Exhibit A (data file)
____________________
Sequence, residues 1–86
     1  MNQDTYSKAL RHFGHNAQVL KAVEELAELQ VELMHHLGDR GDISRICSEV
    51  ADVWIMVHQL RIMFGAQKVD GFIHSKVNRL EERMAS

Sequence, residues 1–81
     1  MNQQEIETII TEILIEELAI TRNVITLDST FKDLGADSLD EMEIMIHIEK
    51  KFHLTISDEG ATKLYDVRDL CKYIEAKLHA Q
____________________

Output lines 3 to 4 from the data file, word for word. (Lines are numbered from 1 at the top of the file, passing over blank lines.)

    51  ADVWIMVHQL RIMFGAQKVD GFIHSKVNRL EERMAS

Sequence, residues 1–81